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Research Centre

If Bali can do it, so can we.

By April 2, 2020August 27th, 2020No Comments

Although household brands such as Danone and Coca Cola illustrate that producing plastic bottles made from 100% recycled PET is entirely possible, what’s stopping them and others from scaling up?

In just five years from now many major brands will have to prove if they have been able to stick to their sustainability pledges. For many, increasing the percentage of recycled content in their packaging is an important part of that plan and this is slowly becoming a reality.  

With a minor delay and marketing hiccup following a complaint dismissed by the Advertising Standards Agency, Coca Cola recently launched GLACÉAU smartwater bottles made from 100% recycled plastic. Amounting to 120 million bottles annually, smartwater is currently the only brand in Great Britain whose full range is made from recycled plastic. However, Coca Cola is planning to increase recycled PET to a minimum of 50% across 20 other brands in the future. Together, these initiatives will remove 23,000 tonnes of virgin plastic off the market.  

Recycled plastic is also gaining traction in Bali, Indonesia, one of the key geographies at risk of ocean plastic pollution. Two years ago Danone launched a 100% recycled bottle under the brand Aqua, a household brand and the country’s largest. By 2025, Danone-Aqua aims to collect more waste from the environment than they use, and similar to the likes of Coca Cola, use a minimum of 50% recycled content in all their bottles.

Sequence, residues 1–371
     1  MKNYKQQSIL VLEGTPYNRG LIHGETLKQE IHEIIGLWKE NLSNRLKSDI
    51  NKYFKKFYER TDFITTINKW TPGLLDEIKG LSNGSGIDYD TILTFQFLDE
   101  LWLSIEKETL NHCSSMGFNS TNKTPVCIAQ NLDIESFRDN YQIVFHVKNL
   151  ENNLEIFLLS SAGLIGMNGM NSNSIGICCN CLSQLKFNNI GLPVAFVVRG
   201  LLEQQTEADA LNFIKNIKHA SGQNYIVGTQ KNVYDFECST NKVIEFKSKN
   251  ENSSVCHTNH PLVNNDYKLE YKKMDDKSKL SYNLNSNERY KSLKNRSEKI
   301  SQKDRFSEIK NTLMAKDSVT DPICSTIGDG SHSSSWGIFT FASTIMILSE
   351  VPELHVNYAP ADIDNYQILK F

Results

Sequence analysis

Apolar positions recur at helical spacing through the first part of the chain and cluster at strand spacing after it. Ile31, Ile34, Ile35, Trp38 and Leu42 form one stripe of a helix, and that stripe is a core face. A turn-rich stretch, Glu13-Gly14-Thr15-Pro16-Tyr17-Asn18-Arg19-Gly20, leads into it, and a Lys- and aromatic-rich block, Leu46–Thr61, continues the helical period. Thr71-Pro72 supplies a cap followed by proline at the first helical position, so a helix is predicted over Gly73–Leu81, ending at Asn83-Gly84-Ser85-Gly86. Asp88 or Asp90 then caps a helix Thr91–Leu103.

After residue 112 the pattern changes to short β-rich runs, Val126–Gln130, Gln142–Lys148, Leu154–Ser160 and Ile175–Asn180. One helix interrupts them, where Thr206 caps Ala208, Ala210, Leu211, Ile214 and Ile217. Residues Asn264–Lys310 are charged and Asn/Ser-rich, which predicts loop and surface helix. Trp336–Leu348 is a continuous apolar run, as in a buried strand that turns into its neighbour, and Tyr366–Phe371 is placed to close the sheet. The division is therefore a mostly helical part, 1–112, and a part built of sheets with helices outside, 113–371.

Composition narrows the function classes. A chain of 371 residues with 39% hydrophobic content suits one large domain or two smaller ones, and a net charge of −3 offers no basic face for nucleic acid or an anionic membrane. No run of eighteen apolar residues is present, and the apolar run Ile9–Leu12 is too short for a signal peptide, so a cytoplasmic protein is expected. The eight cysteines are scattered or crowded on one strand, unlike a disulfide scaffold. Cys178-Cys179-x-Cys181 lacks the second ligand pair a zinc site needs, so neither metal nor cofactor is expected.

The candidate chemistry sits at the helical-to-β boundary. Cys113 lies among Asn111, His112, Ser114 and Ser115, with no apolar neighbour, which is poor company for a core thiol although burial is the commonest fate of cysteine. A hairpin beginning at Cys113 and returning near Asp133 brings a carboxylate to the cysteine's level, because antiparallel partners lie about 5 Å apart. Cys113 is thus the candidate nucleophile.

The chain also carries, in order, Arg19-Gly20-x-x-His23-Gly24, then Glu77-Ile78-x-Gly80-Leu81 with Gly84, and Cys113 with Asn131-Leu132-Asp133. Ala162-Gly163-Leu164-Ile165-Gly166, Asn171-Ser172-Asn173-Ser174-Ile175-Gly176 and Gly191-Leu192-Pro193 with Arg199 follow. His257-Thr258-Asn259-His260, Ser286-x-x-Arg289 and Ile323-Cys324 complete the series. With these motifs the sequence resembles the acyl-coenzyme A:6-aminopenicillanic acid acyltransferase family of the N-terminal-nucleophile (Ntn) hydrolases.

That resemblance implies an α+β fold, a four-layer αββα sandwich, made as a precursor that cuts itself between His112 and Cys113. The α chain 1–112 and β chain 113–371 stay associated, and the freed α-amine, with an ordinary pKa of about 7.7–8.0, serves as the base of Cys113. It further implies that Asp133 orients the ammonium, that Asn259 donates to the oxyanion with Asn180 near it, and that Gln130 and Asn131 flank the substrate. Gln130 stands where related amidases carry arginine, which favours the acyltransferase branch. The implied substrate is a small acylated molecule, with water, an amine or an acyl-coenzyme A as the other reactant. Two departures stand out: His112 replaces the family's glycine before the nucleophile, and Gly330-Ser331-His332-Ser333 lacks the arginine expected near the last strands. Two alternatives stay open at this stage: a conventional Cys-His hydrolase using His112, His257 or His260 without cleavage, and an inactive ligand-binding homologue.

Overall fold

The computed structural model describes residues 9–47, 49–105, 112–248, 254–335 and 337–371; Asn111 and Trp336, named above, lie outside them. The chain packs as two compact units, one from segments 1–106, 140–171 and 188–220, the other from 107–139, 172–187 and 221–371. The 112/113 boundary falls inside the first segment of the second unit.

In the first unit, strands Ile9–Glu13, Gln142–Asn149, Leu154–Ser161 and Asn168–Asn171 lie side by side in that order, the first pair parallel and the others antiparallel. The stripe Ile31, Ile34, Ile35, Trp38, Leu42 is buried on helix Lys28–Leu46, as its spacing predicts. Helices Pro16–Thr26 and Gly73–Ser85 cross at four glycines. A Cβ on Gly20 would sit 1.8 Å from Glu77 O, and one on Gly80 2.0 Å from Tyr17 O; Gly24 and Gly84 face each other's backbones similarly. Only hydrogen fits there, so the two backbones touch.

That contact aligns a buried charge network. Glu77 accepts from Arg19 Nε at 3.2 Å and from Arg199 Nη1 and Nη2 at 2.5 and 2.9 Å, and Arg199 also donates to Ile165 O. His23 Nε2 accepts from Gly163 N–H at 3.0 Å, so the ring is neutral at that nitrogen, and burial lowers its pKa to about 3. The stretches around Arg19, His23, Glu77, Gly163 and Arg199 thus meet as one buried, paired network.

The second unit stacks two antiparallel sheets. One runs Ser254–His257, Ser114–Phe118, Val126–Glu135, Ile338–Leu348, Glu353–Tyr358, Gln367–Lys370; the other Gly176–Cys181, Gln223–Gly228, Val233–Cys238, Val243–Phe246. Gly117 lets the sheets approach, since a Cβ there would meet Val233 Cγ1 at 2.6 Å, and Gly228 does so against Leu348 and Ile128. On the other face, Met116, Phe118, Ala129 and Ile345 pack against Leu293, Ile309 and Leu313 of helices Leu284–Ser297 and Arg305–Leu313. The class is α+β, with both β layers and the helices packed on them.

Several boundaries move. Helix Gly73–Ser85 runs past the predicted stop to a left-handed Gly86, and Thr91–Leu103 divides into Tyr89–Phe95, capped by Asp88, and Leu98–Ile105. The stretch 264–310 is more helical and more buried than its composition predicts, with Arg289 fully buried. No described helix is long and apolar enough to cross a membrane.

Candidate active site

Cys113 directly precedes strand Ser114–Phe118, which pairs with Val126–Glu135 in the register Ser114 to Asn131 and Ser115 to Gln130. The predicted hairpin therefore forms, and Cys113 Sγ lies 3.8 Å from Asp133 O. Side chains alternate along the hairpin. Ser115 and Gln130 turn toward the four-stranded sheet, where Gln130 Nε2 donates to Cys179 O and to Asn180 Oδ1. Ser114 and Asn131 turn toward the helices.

But if they can do it, why aren’t we seeing more companies following suit or scaling up more quickly to 100% recycled content?  

An article from the Jakarta Globe, covering the launch in 2018 stated that Aqua-Danone could only produce a 100% rPET bottle in a 1.1. litre format, which would be more expensive than other branded 1.5 litre bottles – suggesting that cost could be the issue.  

As the technology is there and there is ample supply littered across our coastlines, this conclusion is entirely plausible. Using recycled plastic instead of new, virgin plastic costs more. At the beginning of 2020 the price for new plastic dropped, meaning that one shipping container of new plastic is approximately 800 euros cheaper than one containing recycled plastic (rPET).  

Though costs may be saved upfront, the cost to our environment may be greater. Furthermore, protecting the natural environment is a pressing matter, especially for Western consumers, who have the power of choice in a crowded market.  

Working towards 100% recycled plastic content should be on every business agenda, though it will be up to them to decide who will foot the costs. Although a recent online study suggests that some consumers would be willing to pay a green premium, it would be unfair to burden them with what has become an increasingly moral decision. Instead, the costs should be shared by everyone as we all have a stake.